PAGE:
11 SEPTEMBER 2004, Page 49

Out in the cold

Michael Kennedy champions the case for Delius, who, he believes, is unfairly neglected

One of the many 'themes' in this summer's Promenade concerts was the 70th anniversary of the death of three major English composers. Elgar, Delius and Hoist. For that reason, 1934 has always had a melancholy ring for devotees of English music, although this may change since it also saw the births of Maxwell Davies and Harrison Birtvvistle, thus providing Nicholas Kenyon with yet another theme. But the anniversary made one think anew about the current reputations of the trio of dear departed.

We needn't worry about Elgar. His cause has triumphed and his music has never seriously been neglected even when it was out of critical and academic favour half a century ago. When I was young you had to make a secret of a passion for Elgar in some circles. It just wasn't done to love the symphonies and concertos, and, as for the Pomp and Circumstance Marches, heaven forfend. Only the Introduction and Allegro for some reason escaped the patronising sneers. His music was regarded as vulgar, self-indulgent, imperialist and cheap. Even at the age of 16, I wondered if the people who held these views had ever really listened to it. They must have had cloth ears to miss the unhappiness, loneliness, nostalgia and pain, as well as the gift for poetic fancy and romance. There may survive a few enclaves of anti-Elgar animus, but they are now in the minority and most people hear the real Elgar.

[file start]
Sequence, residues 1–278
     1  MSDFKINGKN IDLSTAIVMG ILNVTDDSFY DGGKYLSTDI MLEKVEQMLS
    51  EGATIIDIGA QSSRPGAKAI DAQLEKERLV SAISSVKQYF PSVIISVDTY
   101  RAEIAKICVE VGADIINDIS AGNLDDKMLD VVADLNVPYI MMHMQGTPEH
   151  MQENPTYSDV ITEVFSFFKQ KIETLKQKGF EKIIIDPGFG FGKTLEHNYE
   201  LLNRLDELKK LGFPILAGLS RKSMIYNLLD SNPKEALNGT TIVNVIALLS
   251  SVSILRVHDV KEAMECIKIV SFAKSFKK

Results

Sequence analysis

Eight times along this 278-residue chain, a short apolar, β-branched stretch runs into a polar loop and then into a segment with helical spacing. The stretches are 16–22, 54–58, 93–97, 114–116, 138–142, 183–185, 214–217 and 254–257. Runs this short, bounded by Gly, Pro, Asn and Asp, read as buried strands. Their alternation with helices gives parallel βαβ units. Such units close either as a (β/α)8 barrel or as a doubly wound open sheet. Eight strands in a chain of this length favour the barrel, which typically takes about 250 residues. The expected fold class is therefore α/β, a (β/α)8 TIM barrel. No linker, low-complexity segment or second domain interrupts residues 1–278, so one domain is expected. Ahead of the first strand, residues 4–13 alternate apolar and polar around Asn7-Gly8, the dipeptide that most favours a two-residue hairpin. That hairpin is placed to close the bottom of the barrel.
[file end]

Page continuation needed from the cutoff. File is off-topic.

Hoist is another matter. His reputation rests firmly on one work, the seven-movement suite The Planets, certainly a masterpiece if uneven and in some ways uncharacteristic. The real Hoist is the austere mystic of 'Neptune' rather than the expansive rhetorician of 'Jupiter' with its big juicy tune that everyone rightly knows and loves. But how many of those born since 1970 who can hum bits of The Planets know or can name other works by Hoist? Only the cognoscenti. I believe. And you can hardly blame the others, for he seems to be accorded only token homage on Radio Three. You won't hear dear Stephanie Hughes gushing about him or some of her male colleagues mispronouncing the names of his works.

The Proms have performed three Hoist compositions besides The Planets. These are a group of Rig Veda Choral Hymns, the short one-act opera Savitri and the choral Hymn of Jesus — and they represent the true Hoist. I hope they have won many new admirers among the Albert Hall audience. The guardians of the Hoist flame are the powers that be in Aldeburgh, where he is regarded as a greater composer than his friend Vaughan Williams. This is nonsense, in my view, and Hoist himself would have been the first to disclaim it. But no one else could have written the Hymn of Jesus.

That leaves Delius. The Proms could manage only two of his works and he got a pretty sniffy press — 'mind-numbing' and 'insipid' were two of the adjectives applied to his heart-breaking Whitman setting, Sea Drift, which was sung appropriately enough by an American baritone. No doubt some of our home-grown baritones know it but are rarely asked to sing it. Delius seems to be out in the cold at present with no one to break a lance for him. Well, I will.